Basic Business Building Blocks

by Mark Pond, MILS

Happy 2024, everyone!

I hope the new year is off to a start that is lining up with expectations and without unexpected surprises! Speaking of surprises, there’s no foolproof way to protect your business from unpleasant shocks, but there are some legal strategies that can help minimize the impacts.

A note before we go any further here: I am not an attorney, so consult with your business attorney to make sure that the following guidance fits your scenario.

Speaking of attorneys, here is one thing I’ve observed about that profession: it’s very rare for attorneys to make blanket statements. Almost without exception (see what I did there?), any legal advice is followed up with a caveat, exemption, or qualifying statement.

The above holds true, except when it comes to my interactions with business attorneys and their advice about whether a business should incorporate or not. It’s attention grabbing when I hear a flat-out assertion, with no equivocation, that every business should incorporate.

My take is that attorneys have a finely tuned radar when it comes to assessing risk. And forming a corporate entity for a business reduces risk for the business owner – plain and simple. Most commonly, that corporation takes the form of a limited liability company (LLC).

Let’s look at a hypothetical scenario to illustrate the advantages of incorporating.

Freddy Francisco owns a food truck and operates his business as a sole proprietor, thus lacking a corporate structure for his business. Freddy takes his food truck to a farmers’ market, sells out his entire inventory and has a fabulous event. On his celebratory drive home, the brakes on his food truck malfunction and he blows through a red light, hitting another vehicle and injuring the occupants. Freddy is clearly at fault and the lawsuits start flying. As a sole proprietor, Freddy has no firewall between his business assets (bank accounts, food truck, inventory, etc.) and his personal assets (bank accounts, home, personal vehicle, etc.). In this scenario, Freddy’s business and Freddy’s personal assets are essentially considered one and the same in the eyes of the law.

Freddy is in a tough financial and legal spot, both personally and with his business.

Let’s rewind the clock and assume that prior to heading out to the farmers’ market, Freddy had received a notice that his application for Freddy’s Food Truck, LLC, had been issued. Given the same unfortunate series of events as above, Freddy is now in a very different situation at the end of the evening. Yes, his business assets are still in jeopardy, but his personal assets are shielded by his LLC. That is the very definition of reducing risk.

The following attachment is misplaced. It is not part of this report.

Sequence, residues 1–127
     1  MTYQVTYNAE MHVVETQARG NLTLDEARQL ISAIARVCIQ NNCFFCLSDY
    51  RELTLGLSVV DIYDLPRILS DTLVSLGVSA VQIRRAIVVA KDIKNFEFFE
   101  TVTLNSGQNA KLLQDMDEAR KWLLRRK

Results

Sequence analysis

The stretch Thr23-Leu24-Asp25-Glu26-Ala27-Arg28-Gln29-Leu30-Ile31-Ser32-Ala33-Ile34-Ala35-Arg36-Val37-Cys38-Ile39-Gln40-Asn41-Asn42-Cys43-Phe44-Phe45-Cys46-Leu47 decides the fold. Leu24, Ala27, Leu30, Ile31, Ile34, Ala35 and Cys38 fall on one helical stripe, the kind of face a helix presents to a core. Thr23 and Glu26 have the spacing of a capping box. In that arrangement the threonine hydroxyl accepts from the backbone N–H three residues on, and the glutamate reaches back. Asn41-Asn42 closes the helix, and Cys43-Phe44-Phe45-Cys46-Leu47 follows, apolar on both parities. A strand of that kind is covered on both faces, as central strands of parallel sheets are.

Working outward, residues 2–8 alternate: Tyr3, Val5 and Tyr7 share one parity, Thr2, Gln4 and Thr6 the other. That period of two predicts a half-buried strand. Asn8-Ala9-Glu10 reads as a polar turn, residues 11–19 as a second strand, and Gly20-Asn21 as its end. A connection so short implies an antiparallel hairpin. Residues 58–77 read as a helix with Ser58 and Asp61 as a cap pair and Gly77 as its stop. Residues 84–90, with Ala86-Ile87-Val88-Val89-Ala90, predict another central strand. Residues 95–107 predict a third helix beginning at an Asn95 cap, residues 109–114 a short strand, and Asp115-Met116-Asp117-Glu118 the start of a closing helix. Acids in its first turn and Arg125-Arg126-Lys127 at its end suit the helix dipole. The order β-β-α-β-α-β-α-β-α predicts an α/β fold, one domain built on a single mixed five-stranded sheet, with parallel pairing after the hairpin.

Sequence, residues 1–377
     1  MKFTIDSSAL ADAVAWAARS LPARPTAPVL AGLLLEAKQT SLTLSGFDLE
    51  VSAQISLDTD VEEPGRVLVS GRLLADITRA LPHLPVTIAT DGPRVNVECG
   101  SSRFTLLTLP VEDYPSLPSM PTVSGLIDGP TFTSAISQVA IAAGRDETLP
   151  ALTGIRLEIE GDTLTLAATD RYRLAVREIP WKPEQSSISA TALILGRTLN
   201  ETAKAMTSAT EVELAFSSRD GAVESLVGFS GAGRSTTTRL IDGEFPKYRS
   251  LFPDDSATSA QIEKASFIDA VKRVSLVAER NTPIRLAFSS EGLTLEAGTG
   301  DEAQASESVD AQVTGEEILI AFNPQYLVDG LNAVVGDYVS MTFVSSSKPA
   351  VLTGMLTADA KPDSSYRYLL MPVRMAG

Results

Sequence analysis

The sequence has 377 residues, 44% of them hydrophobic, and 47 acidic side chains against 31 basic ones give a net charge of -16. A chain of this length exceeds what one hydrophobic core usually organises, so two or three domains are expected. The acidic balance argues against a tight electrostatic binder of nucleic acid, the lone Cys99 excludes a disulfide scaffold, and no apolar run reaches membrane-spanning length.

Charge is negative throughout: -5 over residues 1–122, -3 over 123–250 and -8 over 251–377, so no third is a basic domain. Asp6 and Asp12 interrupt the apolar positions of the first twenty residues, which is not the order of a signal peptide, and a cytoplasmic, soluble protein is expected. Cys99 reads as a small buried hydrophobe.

Put most simply, if something were to go wrong with your business, who do you want people to sue: you AND your business or just your business?

With that question in mind, let’s do a quick compare/contrast of the most common business formation options. The bulk of this content comes from the Washington Department of Commerce’s Small Business Guide (

Sole Proprietorships are owned by a single person or a married couple. These businesses are easy to form and there are no special reporting requirements. But, as we saw with Freddy, the owner is personally responsible for all business debts and liabilities, as well as federal taxes.

Limited Liability Companies (LLCs) are very popular, for the reasons we saw with Freddy. Creating an LLC requires filing with the Washington Secretary of State ( For federal taxes, LLCs are typically treated like sole proprietorships if there is one owner, or like partnerships if there is more than one owner. However, by filing a form with the IRS, LLCs can be treated like corporations for federal tax purposes, which can come with some significant tax advantages.

General Partnerships are like sole proprietorships with more than one owner. Partners share managerial duties, profits and losses, and each is personally responsible for all business debts and liabilities.

Corporations are more complex structures than the others. Complex enough, in fact, that a business attorney should be involved in the process. Enough said there!

Whew. That was a lot of jargon that we just waded through – and that’s just the rough sketch of the landscape. If incorporating sounds like it might be a good path for you, but you are daunted by the legal aspects, here are a couple (free!) options for you:

Gonzaga School of Law’s Business Innovation Clinic. Staffed by second and third-year law students from Gonzaga’s School of Law, the Clinic provides free business-related legal advice. LLC formation lands right in their wheelhouse. Give them call at 509-313-5242 or visit

If you want more of a DIY approach, I’d recommend this: StartUp Spokane offers access to LegalGPS, a tool that provides a self-guided course on setting up an LLC. To use LegalGPS, go to StartUp Spokane’s resource list ( and scroll down to find the link to the resource. From there, LegalGPS does a great job of stripping a way legal jargon and getting you familiar with the terminology and concepts of importance.

I hope this helps point your business in a productive direction. Reach out with any questions and I’ll be happy to chat.

Mark Pond, MLIS, has been the Business Research Librarian with the Spokane Public Library since 2006, and, before that, worked in similar capacities for the Seattle Public Library and the University of Washington Libraries since 1998. Mark has led the effort to develop Spokane Public Library into a nationally recognized leader in the field of business research.

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